While it gets easier and easier to measure marketing’s impact on its consumer and business targets, it gets harder and harder to compartmentalize marketing spend into channels. This is good, considering marketing thought leaders have been advising professionals for years to avoid marketing silos and instead be customer-centric.
To that end, the chapter on data in the Direct Marketing Association’s recently released “2015 Statistical Fact Book” shows the link between digital, database, real-time, programmatic and predictive analytics.
“Why will this be the year where addressability and programmatic drive better audience targeting,” asks Kevin Dean, SVP of global product management at New York-based Experian Marketing Services, who authored the Fact Book’s overview of the data chapter. “A short history lesson is required. Every time a medium becomes digital, it becomes addressable at the household level. And every time that happens, the data and the tools for planning, targeting and communicating in that medium change. Throughout the history of direct marketing, this has always been the case. Nearly four decades ago, this happened in direct mail, then it was telemarketing, then it was email, then it was site optimization, then it was social, then it was display, and now we’re seeing the evolution take hold in TV. So it’s very reasonable to believe that at some point in the near future, most media will be transacted around a household-level audience and resemble something that very much looks like a mailing list.”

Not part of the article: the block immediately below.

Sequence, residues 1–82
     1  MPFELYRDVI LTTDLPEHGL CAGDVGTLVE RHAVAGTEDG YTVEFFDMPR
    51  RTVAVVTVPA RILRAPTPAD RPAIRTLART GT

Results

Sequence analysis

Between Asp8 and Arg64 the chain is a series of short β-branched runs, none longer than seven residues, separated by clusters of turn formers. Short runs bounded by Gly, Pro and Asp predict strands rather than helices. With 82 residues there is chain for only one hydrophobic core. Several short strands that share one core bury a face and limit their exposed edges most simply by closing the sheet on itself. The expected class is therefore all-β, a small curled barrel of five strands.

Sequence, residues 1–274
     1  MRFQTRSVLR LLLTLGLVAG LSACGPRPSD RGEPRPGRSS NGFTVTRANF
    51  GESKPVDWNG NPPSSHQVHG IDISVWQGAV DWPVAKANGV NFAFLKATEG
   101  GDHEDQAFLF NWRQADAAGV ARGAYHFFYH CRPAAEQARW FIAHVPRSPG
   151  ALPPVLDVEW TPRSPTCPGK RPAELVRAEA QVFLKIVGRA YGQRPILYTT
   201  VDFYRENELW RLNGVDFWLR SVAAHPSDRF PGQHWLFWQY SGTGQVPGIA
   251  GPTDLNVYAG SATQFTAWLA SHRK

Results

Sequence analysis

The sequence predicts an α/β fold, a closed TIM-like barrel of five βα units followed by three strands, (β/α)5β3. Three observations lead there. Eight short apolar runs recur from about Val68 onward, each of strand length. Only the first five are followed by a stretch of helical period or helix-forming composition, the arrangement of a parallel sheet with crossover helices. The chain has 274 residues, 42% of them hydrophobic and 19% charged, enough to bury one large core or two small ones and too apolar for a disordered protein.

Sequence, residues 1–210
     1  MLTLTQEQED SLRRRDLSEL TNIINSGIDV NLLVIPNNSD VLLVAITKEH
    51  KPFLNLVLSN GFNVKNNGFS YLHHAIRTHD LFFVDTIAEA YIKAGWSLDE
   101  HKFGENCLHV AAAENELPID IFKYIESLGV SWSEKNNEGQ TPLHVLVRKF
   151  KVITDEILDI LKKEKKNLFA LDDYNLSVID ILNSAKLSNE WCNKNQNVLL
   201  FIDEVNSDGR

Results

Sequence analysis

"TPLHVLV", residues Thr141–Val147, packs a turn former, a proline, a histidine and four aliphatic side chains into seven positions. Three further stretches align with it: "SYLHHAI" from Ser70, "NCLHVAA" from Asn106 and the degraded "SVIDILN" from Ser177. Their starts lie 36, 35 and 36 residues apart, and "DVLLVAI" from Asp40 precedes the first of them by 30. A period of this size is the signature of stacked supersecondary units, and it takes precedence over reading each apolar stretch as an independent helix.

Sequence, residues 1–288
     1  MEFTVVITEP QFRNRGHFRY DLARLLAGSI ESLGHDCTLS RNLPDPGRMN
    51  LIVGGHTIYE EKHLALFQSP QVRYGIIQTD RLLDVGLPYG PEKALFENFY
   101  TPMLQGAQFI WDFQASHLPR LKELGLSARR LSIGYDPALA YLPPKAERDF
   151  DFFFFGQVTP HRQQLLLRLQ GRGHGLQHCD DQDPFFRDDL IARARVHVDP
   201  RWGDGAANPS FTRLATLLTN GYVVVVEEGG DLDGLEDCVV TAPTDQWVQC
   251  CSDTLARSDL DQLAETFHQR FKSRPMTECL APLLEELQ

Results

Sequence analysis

What Dean writes in the Fact Book released on May 26 notes that there’s a difference between today’s marketers — the ones who stick with their guts and decide not to target on Gourmet or Bon Appetit’s digital platforms in order to reach 18- to 34-year-old males with display ads because they think men won’t see them, and the ones who know better. The marketers who know better are using data available in real-time, programmatic programs to find and target the 1 to 5 percent of men who do visit those sites. Also, using predictive analytics, those marketers can target future visitors.
So, as FTI Consulting announced on Monday, marketers will spend $41.8 billion on online advertising this year and that number will climb to $55.6 billion by 2018. Many of those same marketers are budgeting $11.5 billion “on data and related solutions across the three most prominent channels (email, direct mail, and display advertising),” according to the May 26 DMA announcement about the Fact Book. Those marketers will be collecting and analyzing data from a staggering number of sources, including what DMA calculates will be “50 billion connected devices over the next five years.”
Many marketers will find an advantage in doing something proactive with that data. Here’s a snapshot of what DMA and Experian found marketers plan to do in predictive analytics in 2015:
1. Modify business processes: 36 percent
2. Enter new markets: 35 percent
3. Drive marketing automation: 33 percent
4. Predict lifetime value of each customer: 32 percent
5. Influence marketing messaging: 30 percent
6. Influence product development: 27 percent
7. Influence M&A activity: 20 percent
How else do marketers use predictive analytics? How are marketers using attribution to drive budget allocations?
Please respond in the comments section below.